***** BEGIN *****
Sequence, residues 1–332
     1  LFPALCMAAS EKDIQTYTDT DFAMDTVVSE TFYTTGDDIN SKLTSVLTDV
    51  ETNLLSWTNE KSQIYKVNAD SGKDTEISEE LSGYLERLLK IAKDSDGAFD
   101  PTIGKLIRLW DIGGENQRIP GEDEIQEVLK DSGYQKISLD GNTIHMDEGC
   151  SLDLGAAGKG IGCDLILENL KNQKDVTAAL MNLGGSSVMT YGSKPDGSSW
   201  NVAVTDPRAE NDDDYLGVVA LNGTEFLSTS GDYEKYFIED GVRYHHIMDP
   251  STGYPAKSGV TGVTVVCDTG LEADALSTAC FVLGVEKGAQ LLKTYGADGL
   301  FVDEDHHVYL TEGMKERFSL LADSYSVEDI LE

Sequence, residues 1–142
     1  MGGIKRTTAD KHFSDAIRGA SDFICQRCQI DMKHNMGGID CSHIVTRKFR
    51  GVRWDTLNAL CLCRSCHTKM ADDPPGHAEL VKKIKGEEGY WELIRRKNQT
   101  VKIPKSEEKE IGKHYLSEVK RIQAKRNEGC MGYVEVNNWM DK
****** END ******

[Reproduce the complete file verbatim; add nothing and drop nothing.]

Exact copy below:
Sequence, residues 1–332
     1  LFPALCMAAS EKDIQTYTDT DFAMDTVVSE TFYTTGDDIN SKLTSVLTDV
    51  ETNLLSWTNE KSQIYKVNAD SGKDTEISEE LSGYLERLLK IAKDSDGAFD
   101  PTIGKLIRLW DIGGENQRIP GEDEIQEVLK DSGYQKISLD GNTIHMDEGC
   151  SLDLGAAGKG IGCDLILENL KNQKDVTAAL MNLGGSSVMT YGSKPDGSSW
   201  NVAVTDPRAE NDDDYLGVVA LNGTEFLSTS GDYEKYFIED GVRYHHIMDP
   251  STGYPAKSGV TGVTVVCDTG LEADALSTAC FVLGVEKGAQ LLKTYGADGL
   301  FVDEDHHVYL TEGMKERFSL LADSYSVEDI LE

Sequence, residues 1–142
     1  MGGIKRTTAD KHFSDAIRGA SDFICQRCQI DMKHNMGGID CSHIVTRKFR
    51  GVRWDTLNAL CLCRSCHTKM ADDPPGHAEL VKKIKGEEGY WELIRRKNQT
   101  VKIPKSEEKE IGKHYLSEVK RIQAKRNEGC MGYVEVNNWM DK